We all make mistakes. They come in different shapes, sizes, and colors. And they have varying consequences.
I think we should talk about those mistakes. For three reasons:
First, talking about mistakes yields vulnerability. And vulnerability is an effective way to connect with other people. A team will be more successful if its members feel connected to one another, and vulnerability can really help with that.
Second, when mistakes are shared by those with more experience, it can help those with less experience learn what not to do, or at least what to look out for. By coming from someone accomplished, these stories can also show that we should roll over our mistakes — remember them, but accept them and move on.
Third, and more important than the other two, they're usually pretty funny!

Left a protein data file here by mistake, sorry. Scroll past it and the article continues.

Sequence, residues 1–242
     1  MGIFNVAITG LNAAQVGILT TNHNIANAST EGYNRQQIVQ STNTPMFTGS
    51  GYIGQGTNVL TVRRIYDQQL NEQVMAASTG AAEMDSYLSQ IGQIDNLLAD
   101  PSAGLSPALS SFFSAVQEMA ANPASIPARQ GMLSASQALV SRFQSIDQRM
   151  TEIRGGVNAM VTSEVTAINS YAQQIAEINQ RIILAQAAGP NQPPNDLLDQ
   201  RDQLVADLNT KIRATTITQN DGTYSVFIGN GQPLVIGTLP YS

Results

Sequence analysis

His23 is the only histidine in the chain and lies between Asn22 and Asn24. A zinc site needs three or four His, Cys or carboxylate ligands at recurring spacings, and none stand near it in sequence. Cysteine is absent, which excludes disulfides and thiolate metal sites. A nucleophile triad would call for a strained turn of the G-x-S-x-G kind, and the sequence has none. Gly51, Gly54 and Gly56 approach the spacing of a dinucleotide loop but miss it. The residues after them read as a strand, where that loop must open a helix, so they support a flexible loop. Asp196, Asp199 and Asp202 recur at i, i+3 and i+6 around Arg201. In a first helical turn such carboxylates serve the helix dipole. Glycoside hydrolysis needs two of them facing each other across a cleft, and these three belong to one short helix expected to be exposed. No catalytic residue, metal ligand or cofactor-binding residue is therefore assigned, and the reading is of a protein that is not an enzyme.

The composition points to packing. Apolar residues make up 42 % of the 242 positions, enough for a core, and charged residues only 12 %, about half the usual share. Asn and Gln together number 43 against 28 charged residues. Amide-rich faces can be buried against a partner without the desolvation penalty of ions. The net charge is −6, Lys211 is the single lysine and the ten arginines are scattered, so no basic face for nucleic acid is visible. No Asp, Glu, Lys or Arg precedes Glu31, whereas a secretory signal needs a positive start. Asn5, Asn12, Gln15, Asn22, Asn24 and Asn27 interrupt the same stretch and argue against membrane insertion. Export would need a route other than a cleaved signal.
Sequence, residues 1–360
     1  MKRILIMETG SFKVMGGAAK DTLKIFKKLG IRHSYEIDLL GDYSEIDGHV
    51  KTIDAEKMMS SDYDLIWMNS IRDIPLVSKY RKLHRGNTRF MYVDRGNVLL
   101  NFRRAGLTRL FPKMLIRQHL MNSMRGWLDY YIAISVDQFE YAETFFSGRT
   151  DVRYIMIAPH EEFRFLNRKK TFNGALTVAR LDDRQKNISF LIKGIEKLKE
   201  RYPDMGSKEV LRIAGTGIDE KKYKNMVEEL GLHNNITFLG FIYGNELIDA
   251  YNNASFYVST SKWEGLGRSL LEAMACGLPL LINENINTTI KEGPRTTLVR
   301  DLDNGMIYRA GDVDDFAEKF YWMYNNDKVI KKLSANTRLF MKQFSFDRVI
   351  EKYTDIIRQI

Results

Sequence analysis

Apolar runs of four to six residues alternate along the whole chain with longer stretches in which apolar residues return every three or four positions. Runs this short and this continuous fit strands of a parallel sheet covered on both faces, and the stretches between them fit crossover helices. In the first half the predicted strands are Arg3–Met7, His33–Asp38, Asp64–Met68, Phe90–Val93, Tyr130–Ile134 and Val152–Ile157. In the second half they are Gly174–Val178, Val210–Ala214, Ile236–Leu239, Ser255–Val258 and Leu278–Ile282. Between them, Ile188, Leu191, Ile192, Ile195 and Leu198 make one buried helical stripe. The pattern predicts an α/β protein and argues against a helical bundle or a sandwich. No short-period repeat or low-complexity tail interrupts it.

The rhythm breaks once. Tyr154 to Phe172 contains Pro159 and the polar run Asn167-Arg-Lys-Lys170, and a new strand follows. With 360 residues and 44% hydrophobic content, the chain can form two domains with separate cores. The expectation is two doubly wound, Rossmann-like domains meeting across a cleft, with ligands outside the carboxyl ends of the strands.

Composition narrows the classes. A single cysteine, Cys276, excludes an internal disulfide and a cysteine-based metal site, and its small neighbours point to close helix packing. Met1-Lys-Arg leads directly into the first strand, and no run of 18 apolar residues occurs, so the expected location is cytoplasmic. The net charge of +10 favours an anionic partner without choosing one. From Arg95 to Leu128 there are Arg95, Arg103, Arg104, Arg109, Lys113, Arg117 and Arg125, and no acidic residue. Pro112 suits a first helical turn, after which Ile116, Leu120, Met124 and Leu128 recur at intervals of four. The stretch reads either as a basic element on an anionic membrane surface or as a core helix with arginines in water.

Allow me to elaborate for a moment …
I have a podcast, or at least I did. I haven't produced anything in years. It's called Squirrel Stories, and the premise was that people would share their weirdest and most embarrassing stories for the entertainment of the listeners.
Why would someone do that? Why would they join me on stage and tell me about that time a room full of people at a restaurant saw them naked on the toilet?
Because it's really, really funny.
After some time has passed, it can be healthy (and fun) to laugh at the stupid things we've done, as it enables us to realize that those things that seemed so important in the moment really don't matter in the long run.
It may sound crazy, but I've had legitimately funny stories on the show about funerals, about loved ones dying, about sexual harassment, and about racist Wal-Mart customers. If we can laugh about those things, I'm sure we can laugh about deleting a month's worth a data that wasn't backed up.
And so I'm going to spin off a series called Big Oops. My aim is to poke people around the web development industry to share their biggest mistakes for our entertainment and education.
I think it's going to be fun.